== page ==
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(Dec 30, 2010) On December 20, 2010, after less than a week of consideration and with the support of the ruling party, Venezuela's National Assembly adopted the Law on the Social Responsibility of Radio, Television, and Electronic Media (Ley de Responsabilidad Social en Radio, Televisión, y Medios Electrónicos [in Spanish], National Assembly website, http://www.asambleanacional.gob.ve/index.php?option=com
_docman&task=doc_view&gid=2771&tmpl=component&format=raw&Itemid=185&lang=es (last visited Dec. 22, 2010)). The Law, which expands to the Internet earlier regulation of print and broadcast media, bans content that promotes unrest or challenges existing authorities. According to a report published online by the legislature, the new law will guarantee freedom of expression and the spread of information that "contributes to the formation of a social conscience" of the population. (Maureen Cosgrove, Venezuela Passes Law Banning Certain Internet Content, PAPER CHASE NEWSBURST (Dec. 21, 2010), http://jurist.org/paperchase/2010/12/venezuela-passes-l
aw-banning-certain-internet-content.php; María Isabel Dávila, Sancionada Reforma de la Ley de Responsabilidad en Radio, Televisión y Medios Electrónicos, National Assembly website (Dec. 20, 2010), http://www.asambleanacional.gob.ve/index.php?option=com
The Law will impose fines on media businesses that violate its provisions; repeat offenders may face the possibility of losing their media licenses. The political opposition argued that the Law will likely restrict freedom of speech and thus raises constitutional questions. (Cosgrove, supra.)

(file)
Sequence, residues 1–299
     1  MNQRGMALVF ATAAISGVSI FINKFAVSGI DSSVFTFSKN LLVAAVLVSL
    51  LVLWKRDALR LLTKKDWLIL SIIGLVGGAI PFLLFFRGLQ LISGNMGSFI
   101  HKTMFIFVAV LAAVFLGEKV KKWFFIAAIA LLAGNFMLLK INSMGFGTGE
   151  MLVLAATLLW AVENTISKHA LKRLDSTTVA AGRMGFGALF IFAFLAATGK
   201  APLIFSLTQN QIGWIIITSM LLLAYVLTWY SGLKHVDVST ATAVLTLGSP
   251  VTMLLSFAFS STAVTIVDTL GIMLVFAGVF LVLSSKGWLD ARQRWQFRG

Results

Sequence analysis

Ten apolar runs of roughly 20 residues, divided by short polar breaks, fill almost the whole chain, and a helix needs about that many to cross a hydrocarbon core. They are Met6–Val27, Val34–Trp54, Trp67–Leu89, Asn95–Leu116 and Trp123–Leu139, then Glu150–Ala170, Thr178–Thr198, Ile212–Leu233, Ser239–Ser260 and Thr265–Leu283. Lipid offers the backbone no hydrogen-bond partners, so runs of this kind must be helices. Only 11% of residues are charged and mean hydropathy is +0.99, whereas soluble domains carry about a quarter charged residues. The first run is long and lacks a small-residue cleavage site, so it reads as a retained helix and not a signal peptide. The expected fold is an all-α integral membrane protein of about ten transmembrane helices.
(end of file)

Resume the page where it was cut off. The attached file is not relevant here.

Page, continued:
Venezuela had already been criticized for limits on freedom of expression even before the new Act was adopted. In the most recent U.S. State Department report on human rights in the country, Venezuelan law was said to have provisions on freedom of speech and of the press, but, the report went on to state, "the combination of laws and regulations governing libel and media content, as well as legal harassment and physical intimidation of both individuals and the media, resulted in practical limitations on these freedoms and a climate of self-censorship." (2009 Human Rights Report: Venezuela, § 2(a) (Mar. 11, 2010), http://www.state.gov/g/drl/rls/hrrpt/2009/wha/136130.ht
- Author: Constance Johnson More by this author
- Topic: Communications and electronic information More on this topic
- Jurisdiction: Venezuela More about this jurisdiction
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Last updated: 12/30/2010